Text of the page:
Anonymous said...

Break Back mountaine is a wonderful story and I can say so since I read the Hebrew collection of the works.( "Tales of Wayoming") And I'll see the movie because the story was very well written.

What are we disagreeing about here?:)

Hagay: Gays are people
Abgile: Right
Hagay: As people, fiction should reflect them like any other group of people (Indian fiction, Jewish fiction, Swedish fiction etc)
Abgile: Right, as long as it's good.
Hagay: Sure, as long as it's good. Anyway, Break Back mountain deals with gay action amoung cowboys, which is totaly cool, since not all gays are urban and totaly gay. In fact, many people who are gay have a straight relationship/orientation as well...ergo, a movie about people who are "sometime" gay is a good thing because it goes against our perception of gay-ness.
Abagile: NO! These guys should have lived openly as gay people in the west. THAT would have been ultra brave. But to have a gay fling once in a while while having wife and kiddies - unbrave!
Hagay: Huh?
Abagile: YES! I will proudly moraly gudge fictional characters according to MY standard of what is TRULY gay or not!
Hagay: Um..well, have you seen the movie or...
Abagile: Don't need to see it, nothing brave about it!

See what I mean!:)
Cheers and see you soon:

Abigail Nussbaum said...

No, Hagay, this is not the conversation we've been having. The conversation we've been having has gone something like this:

Abigail: To say that two Hollywood studs playing gay men in 2005 is brave is to devalue both the concept of bravery and the fact of being homosexual.
Hagay: But making a film that treats homosexuality positively is a good thing and therefore brave.
Abigail: I disagree with your equation of 'good' and 'brave', but anyway you're talking about the filmmakers and I'm talking about the actors.
Hagay: Hey! Abigail thinks all gay men should have lived openly in 1960s Wyoming!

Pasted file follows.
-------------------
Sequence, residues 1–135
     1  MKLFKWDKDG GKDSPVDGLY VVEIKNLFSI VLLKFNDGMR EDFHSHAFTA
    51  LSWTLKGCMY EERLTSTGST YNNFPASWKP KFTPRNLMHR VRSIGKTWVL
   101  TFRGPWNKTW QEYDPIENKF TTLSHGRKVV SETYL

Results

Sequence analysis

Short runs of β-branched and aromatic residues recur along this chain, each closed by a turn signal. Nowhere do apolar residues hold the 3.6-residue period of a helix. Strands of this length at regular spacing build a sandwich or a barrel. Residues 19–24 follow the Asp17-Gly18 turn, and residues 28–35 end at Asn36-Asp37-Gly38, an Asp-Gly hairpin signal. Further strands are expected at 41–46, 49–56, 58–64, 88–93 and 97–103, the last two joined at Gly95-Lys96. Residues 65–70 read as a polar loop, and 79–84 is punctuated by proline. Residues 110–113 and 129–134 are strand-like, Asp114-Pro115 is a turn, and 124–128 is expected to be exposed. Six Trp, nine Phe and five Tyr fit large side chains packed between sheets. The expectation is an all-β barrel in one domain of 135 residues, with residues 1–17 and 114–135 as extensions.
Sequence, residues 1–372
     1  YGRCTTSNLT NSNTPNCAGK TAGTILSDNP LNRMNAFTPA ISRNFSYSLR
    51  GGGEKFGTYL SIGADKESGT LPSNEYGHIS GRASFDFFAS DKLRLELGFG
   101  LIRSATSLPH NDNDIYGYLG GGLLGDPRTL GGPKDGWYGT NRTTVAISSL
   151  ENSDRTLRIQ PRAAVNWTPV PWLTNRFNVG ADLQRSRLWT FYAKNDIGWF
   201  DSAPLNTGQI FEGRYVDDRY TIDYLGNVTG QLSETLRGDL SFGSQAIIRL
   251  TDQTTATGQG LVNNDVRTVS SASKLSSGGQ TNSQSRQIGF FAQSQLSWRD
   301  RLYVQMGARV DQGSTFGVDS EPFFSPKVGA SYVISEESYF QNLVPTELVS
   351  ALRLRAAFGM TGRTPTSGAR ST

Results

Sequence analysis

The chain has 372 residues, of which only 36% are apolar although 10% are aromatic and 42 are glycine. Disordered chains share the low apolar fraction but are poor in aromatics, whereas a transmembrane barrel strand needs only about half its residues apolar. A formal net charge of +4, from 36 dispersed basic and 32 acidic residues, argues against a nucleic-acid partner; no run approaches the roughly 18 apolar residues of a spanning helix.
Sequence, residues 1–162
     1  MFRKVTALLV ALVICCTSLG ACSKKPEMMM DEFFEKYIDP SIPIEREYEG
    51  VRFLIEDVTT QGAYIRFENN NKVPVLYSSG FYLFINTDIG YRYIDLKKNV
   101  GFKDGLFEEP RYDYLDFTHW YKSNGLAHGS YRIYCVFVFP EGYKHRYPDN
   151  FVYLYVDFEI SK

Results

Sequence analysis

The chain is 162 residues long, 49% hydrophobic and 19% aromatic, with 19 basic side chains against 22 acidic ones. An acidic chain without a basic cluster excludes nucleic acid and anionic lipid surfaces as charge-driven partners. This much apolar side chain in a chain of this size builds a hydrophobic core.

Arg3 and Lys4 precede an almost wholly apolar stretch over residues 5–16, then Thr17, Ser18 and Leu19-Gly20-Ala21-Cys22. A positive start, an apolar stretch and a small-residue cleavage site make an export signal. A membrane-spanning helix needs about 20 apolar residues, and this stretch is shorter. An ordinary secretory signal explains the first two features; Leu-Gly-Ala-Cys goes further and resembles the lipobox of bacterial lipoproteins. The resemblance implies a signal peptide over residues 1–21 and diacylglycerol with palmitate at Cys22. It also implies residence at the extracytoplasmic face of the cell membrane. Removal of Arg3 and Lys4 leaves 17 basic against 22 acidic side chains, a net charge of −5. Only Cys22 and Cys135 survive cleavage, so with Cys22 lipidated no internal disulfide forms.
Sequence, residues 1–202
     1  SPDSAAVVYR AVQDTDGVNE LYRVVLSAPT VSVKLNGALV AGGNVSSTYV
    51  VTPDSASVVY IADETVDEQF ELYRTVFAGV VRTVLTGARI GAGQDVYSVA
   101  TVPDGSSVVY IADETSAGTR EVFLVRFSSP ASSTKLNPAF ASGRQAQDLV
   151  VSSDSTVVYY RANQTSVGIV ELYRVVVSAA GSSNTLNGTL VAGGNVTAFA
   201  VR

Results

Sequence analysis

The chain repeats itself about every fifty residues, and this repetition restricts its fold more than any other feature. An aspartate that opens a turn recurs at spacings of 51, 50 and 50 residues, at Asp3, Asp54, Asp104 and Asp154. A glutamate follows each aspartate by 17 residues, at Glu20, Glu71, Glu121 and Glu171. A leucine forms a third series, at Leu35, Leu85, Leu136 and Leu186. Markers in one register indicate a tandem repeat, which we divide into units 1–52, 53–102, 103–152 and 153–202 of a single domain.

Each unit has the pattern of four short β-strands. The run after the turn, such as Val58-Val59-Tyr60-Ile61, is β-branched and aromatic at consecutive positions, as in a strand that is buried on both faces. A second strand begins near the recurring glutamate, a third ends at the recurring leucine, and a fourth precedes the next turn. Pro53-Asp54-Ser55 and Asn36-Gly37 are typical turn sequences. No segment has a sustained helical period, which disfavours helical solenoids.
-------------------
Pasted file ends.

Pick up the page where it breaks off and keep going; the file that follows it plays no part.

That last one, by the way, is totally out of line. I called living openly as gay men in Wyoming brave, yes, but it shouldn't follow that I thought the characters should have done this. 'Brave' isn't a moral distinction, nor is it an intellectual distinction. To be brave, you have to do something in spite of being afraid to do it, but it doesn't follow that the thing you've chosen to do is either the right thing or the smart thing. I really don't see how you made the jump from point A to point B (although it seems that at some point you assumed that the conversation had stopped being about the actors - indeed, had you ever started talking about them? - and started being about the characters).

So, for the final time, I'm talking about the actors and the fact that the Hollywood press is all over them as if they'd single-handedly taken out out a department store full of terrorists simply for doing their jobs and helping their careers in the process. You insist on turning this into a discussion about whether or not it's a good thing to depict gays positively in mainstream media, and I've made my point about this clear (or, at least, I thought I had) - of course it's a good thing. It simply isn't brave.

By the way, you can read the English test of Proulx's story (which is, I agree, quite superb) here at The New Yorker.

Anonymous said...

Abigail, I'm sorry to tell you this (enjoyed the discussion, and all, but, your link to th story in the New York Times only leads to the homepage of the site, seeking sign-up, etc.; it does not lad to the story.

Abigail Nussbaum said...

Sadly, The New Yorker took the story down. Here's a website that's made the text available.